In 2007, Ted and Marcia Marks retired to Phippsburg, ME, where they continued avidly to collect American and Japanese art. Frederick H. Marks was still residing in Phippsburg when he died on February 24, 2012, after a long and valiant struggle with prostate cancer. A devoted alumnus, he is survived by his wife of 43 years, as well as two sisters and his brother George. Ted Marks will be remembered for his great strength of character and courage as well as his life of accomplishment.
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Thomas Barry Walker ’67, who retired last year as curator of modern and contemporary art at the Museum of Fine Arts in Houston, TX, was born on February 17, 1945, in New York City. The son of Thomas and Margaret Reilly Walker, his father was an oil distributor. He prepared for college at Canterbury School in Connecticut and entered Hamilton from Yonkers, NY, in 1963. A member of the Emerson Literary Society, he majored in English literature and was graduated in 1969.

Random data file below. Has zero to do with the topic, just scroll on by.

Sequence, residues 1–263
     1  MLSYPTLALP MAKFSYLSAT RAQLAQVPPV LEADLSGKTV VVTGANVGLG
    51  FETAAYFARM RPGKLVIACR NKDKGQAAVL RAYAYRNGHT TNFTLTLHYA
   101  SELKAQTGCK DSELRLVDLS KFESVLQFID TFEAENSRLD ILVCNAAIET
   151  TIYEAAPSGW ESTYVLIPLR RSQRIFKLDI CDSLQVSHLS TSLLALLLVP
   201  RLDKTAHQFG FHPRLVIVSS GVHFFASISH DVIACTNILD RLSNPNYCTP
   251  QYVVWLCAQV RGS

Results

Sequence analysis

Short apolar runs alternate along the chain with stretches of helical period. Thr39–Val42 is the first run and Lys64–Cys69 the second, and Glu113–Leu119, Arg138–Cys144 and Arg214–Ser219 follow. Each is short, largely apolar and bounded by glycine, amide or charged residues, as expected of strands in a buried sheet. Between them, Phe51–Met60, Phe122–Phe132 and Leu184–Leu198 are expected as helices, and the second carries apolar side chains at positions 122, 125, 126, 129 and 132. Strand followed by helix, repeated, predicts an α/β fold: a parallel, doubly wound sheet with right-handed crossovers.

“Barry” Walker pursued a career in museum work and served as associate curator of prints and drawings at the Brooklyn Museum. He joined the staff of the Museum of Fine Arts in Houston in 1991 as its first curator of prints and drawings. In addition, he was appointed curator of modern and contemporary art in 2002. He spearheaded the most important acquisition of 20th century prints in the Museum’s history, and organized innumerable exhibitions encompassing the work of such artists as Jasper Johns, Jackson Pollock, Helen Frankenthaler, and Cy Twombly. His 2009 exhibition and catalogue of the paintings of Alice Neel is credited with having redefined scholarship on that artist. By the time of his retirement, he was widely recognized for his expertise in 20th century art.